Brooklyn-based painter and illustrator Tatyana Fazlalizadeh started street art project Stop Telling Women to Smile (STWTS) in 2012 to address gender-based street harassment. The project consists of a series of posters featuring hand-drawn portraits of women with messages or quotations from the women’s experiences of street harassment. Captions include messages such as “Stop telling women to smile,” “My outfit is not an invitation, “Women are not outside for your entertainment,” “I am not your geisha, china doll, Asian fetish,” “Do not touch my hair,” “You can keep your thoughts on my body to yourself,” and “Harassing women does not prove your masculinity.” These posters are put up in the neighborhoods and areas where the featured women frequently walk through, as well as in other prominent places throughout the city. STWTS has traveled to several cities in the U.S. and internationally.
This clip is a TEDx talk by Lyn Mikel Brown, a Professor of Education at Colby College and founder of the non-profit groups Hardy Girls, Healthy Women and the SPARK movement. Mikel Brown argues that the concept of girl power – which originated in the Riot Grrrl feminist punk rock movement of the early 90s – has been co-opted by corporate media. She argues that media has appropriated feminism with politically weak versions of female empowerment, such as the Spice Girls, Sex and the City, and Bratz. Mikel Brown asks the question: “How do we empower girls when empowerment has been so co-opted by the media?” She goes onto discuss the work of Hardy Girls Healthy Women in their effort to inspire girl-led feminist media activism.
This video shows scenes from a public social experiment conducted by blogger Joey Salads that shows how women are shamed for breastfeeding in public, yet are accepted if they are revealing just as much of their breasts when dressed “sexy” and wearing tops that show cleavage. In the video, Salads shows passersby’s reactions to a woman discretely breastfeeding her baby, and compares them with reactions to a woman dressed in sexually revealing clothing. The video shows no one approaching the sexily dressed model sitting on a mall bench for an hour, except for one man who hits on her. When the breastfeeding mother sat on the same bench by herself, men and women walking by chastised her directly, saying things like, “that’s disgusting” or “you shouldn’t do that in public.” When the two women sat side-by-side outside on another bench, a man approached saying he didn’t appreciate how “gross” it was that “her tits are out.” When asked about the woman next to her who is actually showing more of her breasts, he said, “that’s different…that’s just how her shirt is.” Another man comes up and says that the breastfeeding mother is disgusting, whereas the sexily dressed woman is “hot.”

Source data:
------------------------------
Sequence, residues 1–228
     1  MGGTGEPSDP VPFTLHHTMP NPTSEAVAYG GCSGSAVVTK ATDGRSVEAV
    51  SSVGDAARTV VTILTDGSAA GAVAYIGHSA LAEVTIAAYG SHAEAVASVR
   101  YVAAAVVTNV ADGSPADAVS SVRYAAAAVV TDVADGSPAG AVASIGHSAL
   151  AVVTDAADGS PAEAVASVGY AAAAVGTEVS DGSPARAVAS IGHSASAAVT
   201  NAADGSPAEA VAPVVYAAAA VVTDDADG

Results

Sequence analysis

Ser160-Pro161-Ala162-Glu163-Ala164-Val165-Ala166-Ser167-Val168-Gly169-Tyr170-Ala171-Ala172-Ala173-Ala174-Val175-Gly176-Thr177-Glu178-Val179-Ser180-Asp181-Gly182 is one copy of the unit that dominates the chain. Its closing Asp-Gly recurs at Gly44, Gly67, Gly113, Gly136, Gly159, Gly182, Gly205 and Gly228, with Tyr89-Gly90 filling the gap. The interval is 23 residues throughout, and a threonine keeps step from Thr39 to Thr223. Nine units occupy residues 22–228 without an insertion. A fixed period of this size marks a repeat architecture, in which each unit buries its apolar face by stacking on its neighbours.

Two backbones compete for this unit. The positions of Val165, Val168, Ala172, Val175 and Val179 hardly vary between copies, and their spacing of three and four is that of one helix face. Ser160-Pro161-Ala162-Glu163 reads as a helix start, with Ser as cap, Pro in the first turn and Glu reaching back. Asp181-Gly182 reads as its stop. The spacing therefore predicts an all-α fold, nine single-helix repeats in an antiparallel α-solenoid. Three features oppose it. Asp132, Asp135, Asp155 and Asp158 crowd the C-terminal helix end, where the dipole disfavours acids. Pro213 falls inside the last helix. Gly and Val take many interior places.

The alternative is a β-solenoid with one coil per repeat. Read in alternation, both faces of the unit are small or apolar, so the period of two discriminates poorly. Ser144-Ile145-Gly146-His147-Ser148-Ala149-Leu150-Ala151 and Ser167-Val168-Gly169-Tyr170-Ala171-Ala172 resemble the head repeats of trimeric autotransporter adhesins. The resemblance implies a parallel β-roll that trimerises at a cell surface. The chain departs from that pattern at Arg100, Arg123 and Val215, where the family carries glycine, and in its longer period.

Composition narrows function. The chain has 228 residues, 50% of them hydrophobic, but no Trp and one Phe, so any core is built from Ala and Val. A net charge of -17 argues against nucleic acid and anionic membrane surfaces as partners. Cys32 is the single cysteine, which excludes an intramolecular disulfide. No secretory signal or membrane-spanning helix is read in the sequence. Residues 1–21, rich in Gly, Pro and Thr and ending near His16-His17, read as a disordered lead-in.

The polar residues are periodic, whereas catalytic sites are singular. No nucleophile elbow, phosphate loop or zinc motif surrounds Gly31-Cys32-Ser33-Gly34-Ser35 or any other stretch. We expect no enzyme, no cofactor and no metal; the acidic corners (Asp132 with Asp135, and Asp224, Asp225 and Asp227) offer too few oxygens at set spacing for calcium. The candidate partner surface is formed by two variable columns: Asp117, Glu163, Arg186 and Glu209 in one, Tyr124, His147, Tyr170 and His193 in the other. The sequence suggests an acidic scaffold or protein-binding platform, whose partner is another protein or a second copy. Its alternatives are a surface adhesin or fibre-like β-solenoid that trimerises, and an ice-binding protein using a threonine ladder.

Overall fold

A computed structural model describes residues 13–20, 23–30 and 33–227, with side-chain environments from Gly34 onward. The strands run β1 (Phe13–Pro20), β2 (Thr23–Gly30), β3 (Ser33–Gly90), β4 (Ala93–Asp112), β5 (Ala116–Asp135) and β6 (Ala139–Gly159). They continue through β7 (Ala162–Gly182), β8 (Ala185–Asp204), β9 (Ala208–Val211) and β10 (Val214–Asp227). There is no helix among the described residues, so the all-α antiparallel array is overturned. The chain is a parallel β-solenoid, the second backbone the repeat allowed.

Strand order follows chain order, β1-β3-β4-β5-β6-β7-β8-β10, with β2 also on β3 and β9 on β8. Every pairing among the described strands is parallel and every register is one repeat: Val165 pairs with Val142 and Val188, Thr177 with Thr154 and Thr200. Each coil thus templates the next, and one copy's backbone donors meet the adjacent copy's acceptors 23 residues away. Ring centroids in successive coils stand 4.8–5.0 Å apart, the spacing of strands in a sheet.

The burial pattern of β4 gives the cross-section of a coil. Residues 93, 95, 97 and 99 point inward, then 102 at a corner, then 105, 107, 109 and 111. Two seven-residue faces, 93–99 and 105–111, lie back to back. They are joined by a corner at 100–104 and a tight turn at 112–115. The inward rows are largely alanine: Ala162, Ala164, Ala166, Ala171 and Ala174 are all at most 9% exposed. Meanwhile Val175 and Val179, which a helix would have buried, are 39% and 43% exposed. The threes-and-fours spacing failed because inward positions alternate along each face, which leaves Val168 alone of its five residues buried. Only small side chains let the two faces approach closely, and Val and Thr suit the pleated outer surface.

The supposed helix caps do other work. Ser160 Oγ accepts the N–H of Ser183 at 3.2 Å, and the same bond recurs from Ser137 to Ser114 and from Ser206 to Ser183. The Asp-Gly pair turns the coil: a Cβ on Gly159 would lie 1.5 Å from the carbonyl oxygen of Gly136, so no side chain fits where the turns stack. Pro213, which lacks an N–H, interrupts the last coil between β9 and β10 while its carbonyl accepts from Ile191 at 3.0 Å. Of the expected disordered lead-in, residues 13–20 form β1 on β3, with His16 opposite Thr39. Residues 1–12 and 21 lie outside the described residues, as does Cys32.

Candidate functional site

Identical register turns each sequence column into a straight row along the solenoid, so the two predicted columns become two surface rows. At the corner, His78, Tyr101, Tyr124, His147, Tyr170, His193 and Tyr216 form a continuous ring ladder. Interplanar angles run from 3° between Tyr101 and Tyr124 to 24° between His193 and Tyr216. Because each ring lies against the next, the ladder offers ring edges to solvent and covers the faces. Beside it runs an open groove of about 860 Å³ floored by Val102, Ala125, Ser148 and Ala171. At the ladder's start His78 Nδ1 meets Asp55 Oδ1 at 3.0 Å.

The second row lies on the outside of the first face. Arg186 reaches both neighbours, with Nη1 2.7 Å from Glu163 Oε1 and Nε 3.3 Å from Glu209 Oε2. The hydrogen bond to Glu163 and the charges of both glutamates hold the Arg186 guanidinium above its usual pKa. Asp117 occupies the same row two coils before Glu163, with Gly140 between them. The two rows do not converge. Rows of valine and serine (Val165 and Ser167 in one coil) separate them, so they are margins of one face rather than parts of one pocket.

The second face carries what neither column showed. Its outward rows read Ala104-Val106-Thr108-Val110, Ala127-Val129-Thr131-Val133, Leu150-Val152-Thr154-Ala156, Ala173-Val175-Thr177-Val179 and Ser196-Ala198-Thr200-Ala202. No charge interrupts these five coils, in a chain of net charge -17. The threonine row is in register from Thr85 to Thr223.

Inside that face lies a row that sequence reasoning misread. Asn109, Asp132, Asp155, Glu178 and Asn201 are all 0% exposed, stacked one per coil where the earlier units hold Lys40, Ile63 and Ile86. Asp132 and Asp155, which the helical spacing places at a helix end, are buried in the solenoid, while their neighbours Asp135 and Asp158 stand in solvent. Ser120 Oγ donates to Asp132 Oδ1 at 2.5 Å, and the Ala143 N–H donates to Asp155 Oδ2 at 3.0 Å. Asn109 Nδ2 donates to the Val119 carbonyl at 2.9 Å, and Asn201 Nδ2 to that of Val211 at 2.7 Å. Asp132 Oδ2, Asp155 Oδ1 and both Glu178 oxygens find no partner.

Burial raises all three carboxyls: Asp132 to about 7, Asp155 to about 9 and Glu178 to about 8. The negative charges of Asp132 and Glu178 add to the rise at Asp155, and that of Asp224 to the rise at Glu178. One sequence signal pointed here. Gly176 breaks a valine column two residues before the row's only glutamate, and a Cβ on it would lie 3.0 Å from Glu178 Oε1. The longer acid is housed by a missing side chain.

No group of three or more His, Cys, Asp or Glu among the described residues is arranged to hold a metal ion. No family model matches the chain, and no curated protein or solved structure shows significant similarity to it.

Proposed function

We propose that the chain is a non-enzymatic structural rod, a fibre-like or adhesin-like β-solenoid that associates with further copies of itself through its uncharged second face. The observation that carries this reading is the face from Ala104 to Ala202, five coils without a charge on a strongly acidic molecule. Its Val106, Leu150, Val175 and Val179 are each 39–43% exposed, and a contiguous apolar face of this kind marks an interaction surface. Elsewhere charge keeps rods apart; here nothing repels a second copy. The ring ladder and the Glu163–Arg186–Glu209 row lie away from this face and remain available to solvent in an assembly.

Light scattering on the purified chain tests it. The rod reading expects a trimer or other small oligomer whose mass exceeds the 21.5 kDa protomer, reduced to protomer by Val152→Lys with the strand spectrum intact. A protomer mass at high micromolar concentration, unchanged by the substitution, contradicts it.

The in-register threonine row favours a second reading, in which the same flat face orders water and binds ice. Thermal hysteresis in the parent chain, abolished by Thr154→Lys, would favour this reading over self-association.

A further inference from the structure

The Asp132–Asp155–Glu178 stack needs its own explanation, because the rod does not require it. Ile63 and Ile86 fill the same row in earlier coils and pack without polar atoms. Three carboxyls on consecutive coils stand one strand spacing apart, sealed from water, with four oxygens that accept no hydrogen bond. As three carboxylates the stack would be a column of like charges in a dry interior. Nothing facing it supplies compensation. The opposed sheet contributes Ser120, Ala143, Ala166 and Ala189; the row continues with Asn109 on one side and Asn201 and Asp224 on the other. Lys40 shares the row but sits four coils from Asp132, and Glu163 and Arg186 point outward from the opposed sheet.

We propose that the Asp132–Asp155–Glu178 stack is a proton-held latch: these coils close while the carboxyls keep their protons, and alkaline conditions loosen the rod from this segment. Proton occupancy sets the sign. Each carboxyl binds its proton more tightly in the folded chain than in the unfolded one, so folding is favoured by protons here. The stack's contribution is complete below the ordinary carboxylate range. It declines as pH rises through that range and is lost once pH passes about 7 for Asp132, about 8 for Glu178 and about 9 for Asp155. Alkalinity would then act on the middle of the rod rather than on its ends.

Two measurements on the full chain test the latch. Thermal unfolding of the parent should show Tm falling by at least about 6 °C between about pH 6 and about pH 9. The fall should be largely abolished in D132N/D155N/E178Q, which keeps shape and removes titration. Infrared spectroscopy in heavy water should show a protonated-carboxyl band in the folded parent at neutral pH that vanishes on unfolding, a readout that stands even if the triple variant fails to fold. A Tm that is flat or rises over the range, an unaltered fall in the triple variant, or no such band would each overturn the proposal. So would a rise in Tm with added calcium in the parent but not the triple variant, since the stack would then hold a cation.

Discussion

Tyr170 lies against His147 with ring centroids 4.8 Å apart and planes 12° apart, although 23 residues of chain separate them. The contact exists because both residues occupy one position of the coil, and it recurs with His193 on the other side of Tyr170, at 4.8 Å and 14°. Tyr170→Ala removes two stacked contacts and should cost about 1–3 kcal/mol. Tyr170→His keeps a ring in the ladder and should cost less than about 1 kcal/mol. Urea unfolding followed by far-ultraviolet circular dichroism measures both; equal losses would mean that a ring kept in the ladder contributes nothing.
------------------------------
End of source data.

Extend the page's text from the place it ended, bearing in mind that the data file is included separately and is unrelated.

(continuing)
This video, produced by "Feminist Frequency," explains the concept of the “Bechdel Test.” The Bechdel test, created by Alison Bechdel, is a way to evaluate films with respect to their treatment of women. A film must meet the following criteria to pass the Bechdel test: (1) it has to have at least two women in it, who (2) who talk to each other, about (3) something besides a man. The video from Feminist Frequency describes how countless blockbusters films, as well as some of the industry's most noted products, do not pass this simple test. It speaks to the dominance of male writers and producers in the entertainment industry.
This 2014 clip from The Daily Show with Jon Stewart features correspondent Jessica Williams exploring and parodying media and public discourse about whether or not sexism, sexual inequality, and street harassment are still alive. Williams satirically explores different ways to walk down the street and past construction sites on the way to work, interviews a group of women who have all experienced street harassment in NYC, and tries to map out areas where it is safe to avoid street harassment in New York. The clip also includes segments from various news and talk shows with men and women either dismissing sexual inequality or street harassment as a problem, suggesting that there is nothing to be done because boys will be boys, or blaming women for their clothing choices, as well as Williams’ responses to these claims.